Habitat and specimens of Phimophis guerini collected in an amazon savanna area in Santarém, Pará, Brazil: (1) specimen collection environment; (2) living specimen MPEG 2638; (3–5) dorsal, lateral and ventral views, respectively, of the head of specimen UFOPA-H 0249. Scale bars: 5 mm.

Figure 6. 

Updated geographic distribution of Phimophis guerini in Brazil, showing the new record (star) in western Pará, Brazil. Previous records (circles) were taken from the following publications: Costa et al. (2010), Pereira-Filho et al. (2012) França et al. (2006, 2013), França et al. (2012), Marques et al. (2012), Maschio et al. (2012), Santos and Vaz-Silva (2012) Tavares et al. (2012).

Morphometric and meristic data of specimens of Phimophis guerini collected in the community of Tapari, Santarém Pará, Brazil. The snout-vent length and tail length are given in millimeters. Bilateral variation is reported as “right/left”.

Characters Specimens
MPEG 26538 MPEG 26539 MPEG 26540 UFOPA-H 1237 UFOPA-H 0249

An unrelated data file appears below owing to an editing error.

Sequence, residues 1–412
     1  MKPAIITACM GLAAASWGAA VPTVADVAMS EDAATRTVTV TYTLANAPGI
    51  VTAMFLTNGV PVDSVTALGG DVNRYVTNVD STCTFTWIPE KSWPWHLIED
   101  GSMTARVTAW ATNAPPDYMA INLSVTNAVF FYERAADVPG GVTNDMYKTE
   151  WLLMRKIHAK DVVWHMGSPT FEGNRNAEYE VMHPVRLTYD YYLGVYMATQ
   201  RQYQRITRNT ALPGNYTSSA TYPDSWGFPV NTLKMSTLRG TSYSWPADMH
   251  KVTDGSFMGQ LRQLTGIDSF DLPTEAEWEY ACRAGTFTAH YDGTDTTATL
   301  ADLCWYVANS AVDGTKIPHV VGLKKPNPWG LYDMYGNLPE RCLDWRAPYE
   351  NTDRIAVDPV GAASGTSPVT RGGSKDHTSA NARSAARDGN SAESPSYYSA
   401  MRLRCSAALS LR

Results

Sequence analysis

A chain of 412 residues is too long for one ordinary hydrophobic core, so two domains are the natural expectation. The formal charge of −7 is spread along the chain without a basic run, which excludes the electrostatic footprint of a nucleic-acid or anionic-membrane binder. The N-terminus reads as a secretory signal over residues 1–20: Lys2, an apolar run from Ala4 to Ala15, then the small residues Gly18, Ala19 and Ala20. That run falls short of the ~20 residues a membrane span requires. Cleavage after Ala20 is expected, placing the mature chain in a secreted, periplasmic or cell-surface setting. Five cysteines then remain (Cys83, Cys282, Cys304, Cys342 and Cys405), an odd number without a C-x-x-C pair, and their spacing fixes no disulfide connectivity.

Sex Male Male Female Female Female
Snout-vent length 465 540 560 587 669
Tail length 115 135 101 121 127
Supralabials 8/8 8/8 8/8 8/8 8/9
Infralabials 09/09 10/10 10/09 10/09 09/09
Oculars 1+2/1+2 1+2/1+2 1+2/1+2 1+2/2+2 1+2/1+2
Temporals 3+3/2+3 2+3/2+3 2+3/2+3 2+3/3+3 3+3/2+3
Dorsal scales 21+19+17 21+19+17 21+19+17 21+19+17 21+19+17
Ventrals 195 195 207 205 207
Subcaudals 73 73 63 67 61

Acknowledgments

This research was supported by grant from Conselho Nacional de Desenvolvimento Científico e Tecnológico (CNPq, Universal 14/2011, process 478347/2011-1). We thank Maiume Silva da Silva and Joanderson Martins for helping during the field work, and Antônio Figueira for logistical support. Adrian Barnett reviewed the English of the first draft. We thank Felipe Grazziotin and an anonymous reviewer for comments and suggestions. DAAS was supported by scientific initiation grant from Universidade Federal do Oeste do Pará; and ICMC by master grant form Coordenação de Aperfeiçoamento de Pessoal de Nível Superior.